Justina Jarmoszko’s principle when she’s on the pitch is simple.
“My goal is just to be the best athlete I can be out there on the field, and just to help my team out any way I can to show them that I’m there for them,” she said.
Jarmoszko has done that, and then some, during a soccer career that began when she was just three years old.
She was the MVP for her high school team, West Kildonan Collegiate in 2013-14, and earned the same recognition with the Manitoba Blizzard – an elite girls soccer program for players looking to play at the university level – from 2012-14.
Jarmoszko said her time playing with the Blizzard was invaluable, due in part to the fact that she was able to participate in prestigous tournaments in the U.S. against some of the best high school competition America had to offer.
“The intensity was there and it was just kind of like a high you get from it,” she said. “It was just going so fast and it gets your heart pumping, and I just loved it.”
With such an impressive soccer resume, it’s no surprise that Jarmoszko continued playing in university. She joined the University of Winnipeg team in 2015, and despite a less than stellar team record, her individual stats stood out.
Jarmoszko started and played in all 14 regular season games as a rookie, and led the conference with 117 saves and 1,260 minutes played.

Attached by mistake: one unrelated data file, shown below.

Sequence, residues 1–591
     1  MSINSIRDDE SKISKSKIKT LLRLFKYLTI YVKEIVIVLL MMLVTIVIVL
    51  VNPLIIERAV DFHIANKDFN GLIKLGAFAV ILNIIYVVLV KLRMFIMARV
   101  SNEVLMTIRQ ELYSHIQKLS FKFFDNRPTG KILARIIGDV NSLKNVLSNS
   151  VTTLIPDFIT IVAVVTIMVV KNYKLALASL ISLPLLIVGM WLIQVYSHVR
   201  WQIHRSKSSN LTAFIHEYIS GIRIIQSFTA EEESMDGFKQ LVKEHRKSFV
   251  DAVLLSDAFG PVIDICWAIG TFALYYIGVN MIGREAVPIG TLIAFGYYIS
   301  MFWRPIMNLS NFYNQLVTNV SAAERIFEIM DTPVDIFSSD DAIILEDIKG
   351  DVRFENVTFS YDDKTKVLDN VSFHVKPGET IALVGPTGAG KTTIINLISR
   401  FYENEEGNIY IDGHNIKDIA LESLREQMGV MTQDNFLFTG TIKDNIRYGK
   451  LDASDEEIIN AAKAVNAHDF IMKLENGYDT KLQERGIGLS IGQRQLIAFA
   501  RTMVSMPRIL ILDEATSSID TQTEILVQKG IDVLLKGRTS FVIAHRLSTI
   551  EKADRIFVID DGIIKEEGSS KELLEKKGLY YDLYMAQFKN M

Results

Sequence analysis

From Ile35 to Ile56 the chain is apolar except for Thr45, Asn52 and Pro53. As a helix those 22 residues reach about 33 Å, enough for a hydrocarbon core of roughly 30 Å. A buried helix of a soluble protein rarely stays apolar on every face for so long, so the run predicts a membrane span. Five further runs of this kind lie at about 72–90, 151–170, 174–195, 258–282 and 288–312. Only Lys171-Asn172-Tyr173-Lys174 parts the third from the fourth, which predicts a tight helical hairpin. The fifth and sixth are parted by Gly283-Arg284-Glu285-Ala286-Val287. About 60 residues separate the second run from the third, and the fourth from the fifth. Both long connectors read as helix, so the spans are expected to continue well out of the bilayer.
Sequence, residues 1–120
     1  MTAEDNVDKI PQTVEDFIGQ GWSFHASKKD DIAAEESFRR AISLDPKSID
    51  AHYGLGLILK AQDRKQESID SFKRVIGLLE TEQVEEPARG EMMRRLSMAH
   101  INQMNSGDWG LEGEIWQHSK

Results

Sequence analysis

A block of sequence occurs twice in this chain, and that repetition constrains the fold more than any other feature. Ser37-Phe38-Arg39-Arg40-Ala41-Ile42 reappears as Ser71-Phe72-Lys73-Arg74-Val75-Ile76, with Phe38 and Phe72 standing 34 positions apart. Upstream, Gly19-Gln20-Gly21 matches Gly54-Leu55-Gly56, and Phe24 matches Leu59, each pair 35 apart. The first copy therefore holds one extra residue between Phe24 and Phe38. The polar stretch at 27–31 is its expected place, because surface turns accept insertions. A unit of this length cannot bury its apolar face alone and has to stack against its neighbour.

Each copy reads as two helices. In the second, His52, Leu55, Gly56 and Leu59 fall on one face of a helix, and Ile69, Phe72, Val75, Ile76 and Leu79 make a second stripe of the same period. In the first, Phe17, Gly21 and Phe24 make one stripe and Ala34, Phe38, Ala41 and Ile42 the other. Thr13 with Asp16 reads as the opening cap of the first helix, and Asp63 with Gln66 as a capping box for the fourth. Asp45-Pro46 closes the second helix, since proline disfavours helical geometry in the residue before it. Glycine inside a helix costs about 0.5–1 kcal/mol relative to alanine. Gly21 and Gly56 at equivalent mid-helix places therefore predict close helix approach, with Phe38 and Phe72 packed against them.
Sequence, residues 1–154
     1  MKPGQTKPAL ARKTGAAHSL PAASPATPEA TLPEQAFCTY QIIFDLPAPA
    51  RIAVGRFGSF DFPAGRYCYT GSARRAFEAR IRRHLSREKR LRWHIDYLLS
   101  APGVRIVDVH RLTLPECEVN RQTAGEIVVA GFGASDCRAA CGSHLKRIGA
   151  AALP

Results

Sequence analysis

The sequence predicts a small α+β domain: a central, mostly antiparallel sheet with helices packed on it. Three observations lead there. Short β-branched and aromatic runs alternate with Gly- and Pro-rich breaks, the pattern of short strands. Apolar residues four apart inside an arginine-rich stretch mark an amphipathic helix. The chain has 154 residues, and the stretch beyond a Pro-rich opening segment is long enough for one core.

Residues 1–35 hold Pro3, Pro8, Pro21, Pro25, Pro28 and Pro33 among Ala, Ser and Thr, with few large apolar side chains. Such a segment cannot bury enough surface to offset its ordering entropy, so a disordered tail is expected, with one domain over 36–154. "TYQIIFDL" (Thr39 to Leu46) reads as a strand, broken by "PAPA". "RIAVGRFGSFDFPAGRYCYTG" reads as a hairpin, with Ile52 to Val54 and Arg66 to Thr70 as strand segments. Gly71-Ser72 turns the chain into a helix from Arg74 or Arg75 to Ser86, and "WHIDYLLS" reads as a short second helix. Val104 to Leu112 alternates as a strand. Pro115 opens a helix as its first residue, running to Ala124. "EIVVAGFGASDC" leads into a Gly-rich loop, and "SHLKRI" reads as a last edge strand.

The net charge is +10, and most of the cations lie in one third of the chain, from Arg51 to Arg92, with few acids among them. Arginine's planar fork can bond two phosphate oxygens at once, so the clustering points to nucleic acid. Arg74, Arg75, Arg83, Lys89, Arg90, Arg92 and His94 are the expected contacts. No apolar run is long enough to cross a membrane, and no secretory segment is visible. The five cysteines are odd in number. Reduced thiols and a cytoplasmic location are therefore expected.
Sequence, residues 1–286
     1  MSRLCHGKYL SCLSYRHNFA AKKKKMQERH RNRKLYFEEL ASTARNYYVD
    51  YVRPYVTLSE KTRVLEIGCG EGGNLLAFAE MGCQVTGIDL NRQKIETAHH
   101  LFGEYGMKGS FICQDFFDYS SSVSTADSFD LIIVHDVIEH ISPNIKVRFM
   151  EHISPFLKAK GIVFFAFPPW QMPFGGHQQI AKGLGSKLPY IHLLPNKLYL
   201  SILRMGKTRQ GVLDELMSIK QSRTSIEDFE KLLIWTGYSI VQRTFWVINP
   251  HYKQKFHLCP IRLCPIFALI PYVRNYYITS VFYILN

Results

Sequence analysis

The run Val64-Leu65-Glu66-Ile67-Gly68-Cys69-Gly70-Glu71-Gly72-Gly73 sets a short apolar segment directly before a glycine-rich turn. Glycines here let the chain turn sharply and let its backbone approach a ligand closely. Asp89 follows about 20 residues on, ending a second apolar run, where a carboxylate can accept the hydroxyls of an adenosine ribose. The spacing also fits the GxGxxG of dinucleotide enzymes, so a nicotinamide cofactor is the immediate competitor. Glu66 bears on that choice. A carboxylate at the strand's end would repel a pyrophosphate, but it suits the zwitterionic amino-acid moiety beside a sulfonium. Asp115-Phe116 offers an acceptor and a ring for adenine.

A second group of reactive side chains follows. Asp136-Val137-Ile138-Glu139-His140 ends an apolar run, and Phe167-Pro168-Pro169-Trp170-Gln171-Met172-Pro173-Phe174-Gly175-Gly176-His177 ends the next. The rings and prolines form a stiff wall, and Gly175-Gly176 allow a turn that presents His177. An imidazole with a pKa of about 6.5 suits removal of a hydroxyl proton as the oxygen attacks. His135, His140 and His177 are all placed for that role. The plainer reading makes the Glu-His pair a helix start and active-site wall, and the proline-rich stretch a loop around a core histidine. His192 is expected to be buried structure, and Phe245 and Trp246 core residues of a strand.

Jarmoszko has high expectations for herself, and her stat line was a product of all the hard work she put in.
“Just being that newcomer, that rookie coming in, you had so many expectations on you. The challenge was there and I took it,” she said. “I thought it was great.”
Despite the strong showing, Jarmoszko made a difficult decision at the end of the season: she left the Wesmen soccer program.
“I felt like, as an individual, I wasn’t becoming the athlete I wanted to be. I wasn’t improving there,” she said.
“I wanted to be the top player I could be there, and I just wasn’t getting it there, and I decided to look at my options and where I wanted to be, so I decided to take a step back and just focus on me.”
Jarmoszko said her goal was always to continue playing university-level soccer. However, she had to sit out the 2016 season due to U SPORTS transfer rules.
There’s no way you could accuse her of getting rusty, though. She joined the Winnipeg WSA North Stars soccer club, winning a provincial championship, and then going on to competing in that year’s nationals.
“It was good because I feel like once you step back and you’re not at that university level, it takes, I think, a level back from your play,” she said. “And just having that constant competitiveness kept you on your game.”
Fate would eventually bring Jarmoszko to the Bisons as, during a friendly game against the herd in the summer of 2016, Manitoba head coach Vanessa Martinez Lagunas offered her with the opportunity to join the program.
After taking some time to consider her options, Jarmoszko ultimately decided to come on board with Manitoba, and, despite being only six games into the season, the keeper said she already feels a strong bond with her new teammates.
“Things are great,” she said. “I really enjoy the group of girls we have here, I feel like there’s chemistry and magic starting to go, and we’ve just got to keep that consistency together, and I think we’ll do really great.”